Thursday, 15 June 2017

The Fairest Cape in all the world...

It was Sir Francis Drake who coined the now-famous line in 1580 to describe the mountainous peninsula that stretches from modern-day Cape Town to the southwestern-most tip of Africa at Cape Point...

"This cape, Drake wrote in July of 1580, is a most stately thing,
and the fairest cape we saw in the whole circumference of the earth.

Bear in mind that Drake, at that point, was nearing the final stage of an epic round-the-world voyage and might very well have been sated by the range of exotic and spectacular places he'd already seen. He'd set out from Plymouth in 1577 and went south to touch at west Africa and then picked up winds to speed him across the Atlantic. He voyaged down the east coast of south America, followed in Magellan's wake by taking the famous straits into the Pacific. From there, he sailed up the west coast reaching, some say, as far as California before turning west to cross the Pacific and reach the islands of Indonesia. He continued west across the Indian Ocean, and saw the Cape of Good Hope almost 3 years after leaving Plymouth. Then he made his way up the west coast of Africa and returned to a hero's welcome.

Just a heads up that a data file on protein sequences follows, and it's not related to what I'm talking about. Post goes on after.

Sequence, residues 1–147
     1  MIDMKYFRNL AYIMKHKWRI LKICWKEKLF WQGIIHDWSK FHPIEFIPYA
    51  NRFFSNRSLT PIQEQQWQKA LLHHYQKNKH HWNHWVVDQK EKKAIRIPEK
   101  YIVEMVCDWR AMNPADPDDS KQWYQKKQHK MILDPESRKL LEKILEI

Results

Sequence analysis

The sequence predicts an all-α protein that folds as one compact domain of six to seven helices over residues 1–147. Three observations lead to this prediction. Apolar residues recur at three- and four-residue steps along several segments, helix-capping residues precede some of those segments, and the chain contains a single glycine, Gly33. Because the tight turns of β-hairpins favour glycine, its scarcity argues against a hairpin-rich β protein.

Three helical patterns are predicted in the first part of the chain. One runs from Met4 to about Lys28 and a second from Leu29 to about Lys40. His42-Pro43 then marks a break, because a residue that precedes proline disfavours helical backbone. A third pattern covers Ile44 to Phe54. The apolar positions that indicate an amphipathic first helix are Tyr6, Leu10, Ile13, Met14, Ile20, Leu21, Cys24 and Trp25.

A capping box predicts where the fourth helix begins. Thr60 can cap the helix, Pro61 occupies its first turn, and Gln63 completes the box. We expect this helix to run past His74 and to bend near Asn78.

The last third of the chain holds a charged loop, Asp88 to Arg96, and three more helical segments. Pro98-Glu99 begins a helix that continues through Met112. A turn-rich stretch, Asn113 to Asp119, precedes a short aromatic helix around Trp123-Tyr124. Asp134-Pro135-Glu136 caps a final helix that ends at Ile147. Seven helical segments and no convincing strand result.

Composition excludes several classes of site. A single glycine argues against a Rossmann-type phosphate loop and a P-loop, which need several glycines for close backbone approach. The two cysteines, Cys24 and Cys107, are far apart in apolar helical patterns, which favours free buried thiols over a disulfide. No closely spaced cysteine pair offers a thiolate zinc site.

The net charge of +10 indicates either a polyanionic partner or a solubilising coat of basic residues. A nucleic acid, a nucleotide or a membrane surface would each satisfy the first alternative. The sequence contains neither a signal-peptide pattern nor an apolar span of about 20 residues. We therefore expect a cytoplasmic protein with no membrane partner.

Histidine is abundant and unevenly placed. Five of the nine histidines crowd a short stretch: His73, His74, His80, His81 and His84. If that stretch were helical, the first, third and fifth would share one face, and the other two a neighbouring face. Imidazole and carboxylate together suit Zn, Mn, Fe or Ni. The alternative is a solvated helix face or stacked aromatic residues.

And all that in a wooden sailing ship, with only the stars and the sun to steer by!
But the journey was not simply a peaceful voyage of discovery. There were mutinies and skirmishes, and disease and death. Drake was also after booty, and he plundered many ships for their cargoes of gold, silver and spices. His ship, Golden Hind, must have staggered into port, so substantial was its cargo of treasure. Drake would go on to become even more famous for his role in the defeat of the Spanish Armada in 1588.

But I'm pleased he took time out from adventuring and piracy to notice the splendours of the Cape...

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